Plant-Based Diet Reduces Harmful Advanced Glycation End-Products, Says New Study

According to a new study published by the journal Obesity Science & Practice, a plant-based diet reduces inflammatory dietary advanced glycation end-products (AGEs)

AGEs are compounds that form in the bloodstream when protein or fat combine with sugar. The decrease in AGEs was found to be associated with weight loss and improved insulin sensitivity.

“Evidence suggests that changes in advanced glycation end-products (AGEs) may influence body weight”, states the study’s abstract. “Previous studies have focused on cooking methods as the primary way how to reduce the dietary AGEs but little is known about the effects of a change in diet composition.”With that in mind, the aim of this study “was to assess the effects of a low-fat plant-based diet on dietary AGEs and test the association with body weight, body composition, and insulin sensitivity.”

In total, 244 individuals who were overweight participated in the study for 16 weeks, with participants equally divided into two cohort. These include people eating a plant-based diet and a control group. Researchers measured body composition prior to and after the study, as well as assessed insulin sensitivity.

“Dietary AGEs decreased in the intervention group by 8768 ku/day on average (95% −9611 to −7925; p < 0.001), compared with the control group (−1608; 95% CI −2709 to −506; p = 0.005; treatment effect −7161 ku/day [95% CI −8540 to −5781]; Gxt, p < 0.001)”, states the study. “Body weight decreased by 6.4 kg in the intervention group, compared with 0.5 kg in the control group (treatment effect −5.9 kg [95% CI −6.8 to −5.0]; Gxt, p < 0.001), largely due to a reduction in fat mass, notably visceral fat.”The study continues: “PREDIM increased in the intervention group (treatment effect +0.9 [95% CI + 0.5 to +1.2]; p < 0.001). Changes in dietary AGEs correlated with changes in body weight (r = +0.41; p < 0.001), fat mass (r = +0.38; p < 0.001), visceral fat (r = +0.23; p < 0.001), and PREDIM (r = −0.28; p < 0.001), and remained significant even after adjustment for changes in energy intake (r = +0.35; p < 0.001 for body weight; r = +0.34; p < 0.001 for fat mass; r = +0.15; p = 0.03 for visceral fat; and r = −0.24; p < 0.001 for PREDIM).”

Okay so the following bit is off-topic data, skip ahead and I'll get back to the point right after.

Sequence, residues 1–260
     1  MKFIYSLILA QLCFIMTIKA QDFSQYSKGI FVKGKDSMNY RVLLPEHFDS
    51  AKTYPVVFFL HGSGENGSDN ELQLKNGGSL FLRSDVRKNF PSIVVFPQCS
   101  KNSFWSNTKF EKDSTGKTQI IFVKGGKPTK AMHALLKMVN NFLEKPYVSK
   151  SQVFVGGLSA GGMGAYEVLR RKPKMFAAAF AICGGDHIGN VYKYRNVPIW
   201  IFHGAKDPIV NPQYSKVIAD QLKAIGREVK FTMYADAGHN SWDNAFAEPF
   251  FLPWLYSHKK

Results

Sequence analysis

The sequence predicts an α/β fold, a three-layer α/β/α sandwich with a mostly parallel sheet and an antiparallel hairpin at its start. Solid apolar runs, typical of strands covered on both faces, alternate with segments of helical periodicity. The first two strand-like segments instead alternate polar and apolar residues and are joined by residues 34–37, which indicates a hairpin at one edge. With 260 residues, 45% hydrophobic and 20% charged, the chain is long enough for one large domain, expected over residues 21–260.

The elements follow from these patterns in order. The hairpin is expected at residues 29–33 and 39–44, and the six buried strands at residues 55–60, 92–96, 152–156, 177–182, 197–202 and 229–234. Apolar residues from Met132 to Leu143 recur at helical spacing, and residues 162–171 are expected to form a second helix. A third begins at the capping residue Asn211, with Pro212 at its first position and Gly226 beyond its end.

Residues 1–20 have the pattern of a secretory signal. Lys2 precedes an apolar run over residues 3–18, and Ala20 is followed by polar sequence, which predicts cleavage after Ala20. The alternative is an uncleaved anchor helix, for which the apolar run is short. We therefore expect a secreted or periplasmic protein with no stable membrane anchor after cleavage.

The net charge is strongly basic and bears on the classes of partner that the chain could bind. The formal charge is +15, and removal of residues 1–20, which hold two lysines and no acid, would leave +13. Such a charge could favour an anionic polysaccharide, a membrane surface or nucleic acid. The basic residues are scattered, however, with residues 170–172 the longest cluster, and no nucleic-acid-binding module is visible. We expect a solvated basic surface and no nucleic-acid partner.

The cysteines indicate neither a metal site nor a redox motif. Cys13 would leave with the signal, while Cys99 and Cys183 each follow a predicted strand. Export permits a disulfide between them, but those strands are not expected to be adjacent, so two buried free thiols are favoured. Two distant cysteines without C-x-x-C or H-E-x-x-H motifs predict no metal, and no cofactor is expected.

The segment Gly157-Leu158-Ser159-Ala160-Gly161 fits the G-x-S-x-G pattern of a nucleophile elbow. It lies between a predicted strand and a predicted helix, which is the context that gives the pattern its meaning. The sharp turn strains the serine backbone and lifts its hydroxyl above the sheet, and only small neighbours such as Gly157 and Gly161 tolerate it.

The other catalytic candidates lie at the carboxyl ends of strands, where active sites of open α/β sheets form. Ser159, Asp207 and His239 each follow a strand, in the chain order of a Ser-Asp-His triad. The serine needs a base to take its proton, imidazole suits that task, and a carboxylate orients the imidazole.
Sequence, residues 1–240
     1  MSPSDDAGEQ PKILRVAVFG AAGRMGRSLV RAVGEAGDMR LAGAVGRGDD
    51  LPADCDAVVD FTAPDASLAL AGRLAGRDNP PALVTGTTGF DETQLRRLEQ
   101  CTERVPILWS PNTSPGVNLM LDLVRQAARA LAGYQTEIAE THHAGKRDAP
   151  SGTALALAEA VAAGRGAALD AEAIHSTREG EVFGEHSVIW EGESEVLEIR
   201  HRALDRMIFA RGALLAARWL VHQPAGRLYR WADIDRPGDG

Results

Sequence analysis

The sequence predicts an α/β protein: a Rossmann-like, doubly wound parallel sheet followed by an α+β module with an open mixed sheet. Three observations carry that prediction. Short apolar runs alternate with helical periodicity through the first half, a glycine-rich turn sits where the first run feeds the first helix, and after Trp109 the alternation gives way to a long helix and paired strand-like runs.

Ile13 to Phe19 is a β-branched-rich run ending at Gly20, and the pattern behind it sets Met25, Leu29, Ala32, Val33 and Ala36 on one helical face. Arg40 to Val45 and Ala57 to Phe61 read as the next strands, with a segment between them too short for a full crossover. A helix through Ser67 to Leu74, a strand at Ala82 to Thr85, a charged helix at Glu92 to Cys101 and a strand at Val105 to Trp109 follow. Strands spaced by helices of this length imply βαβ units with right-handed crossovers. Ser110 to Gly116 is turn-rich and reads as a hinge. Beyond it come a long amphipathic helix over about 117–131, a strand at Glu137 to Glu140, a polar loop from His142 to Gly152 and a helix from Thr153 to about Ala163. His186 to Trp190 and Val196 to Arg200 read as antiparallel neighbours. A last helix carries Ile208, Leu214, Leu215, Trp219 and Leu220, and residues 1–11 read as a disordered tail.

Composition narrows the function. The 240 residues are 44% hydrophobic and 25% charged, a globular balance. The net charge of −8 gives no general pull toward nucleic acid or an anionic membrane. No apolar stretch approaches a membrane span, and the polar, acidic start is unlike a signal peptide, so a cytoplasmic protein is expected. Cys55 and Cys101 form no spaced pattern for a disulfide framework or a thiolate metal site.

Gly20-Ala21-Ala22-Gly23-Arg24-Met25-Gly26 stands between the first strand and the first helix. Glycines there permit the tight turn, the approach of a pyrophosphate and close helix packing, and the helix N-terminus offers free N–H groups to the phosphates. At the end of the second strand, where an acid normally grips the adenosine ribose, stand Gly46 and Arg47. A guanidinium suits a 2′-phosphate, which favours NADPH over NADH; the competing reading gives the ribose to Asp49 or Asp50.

The study concudes:

Dietary AGEs decreased on a low-fat plant-based diet, and this decrease was associated with changes in body weight, body composition, and insulin sensitivity, independent of energy intake. These findings demonstrate positive effects of qualitative dietary changes on dietary AGEs and cardiometabolic outcomes.

More information on this study can be found by clicking here.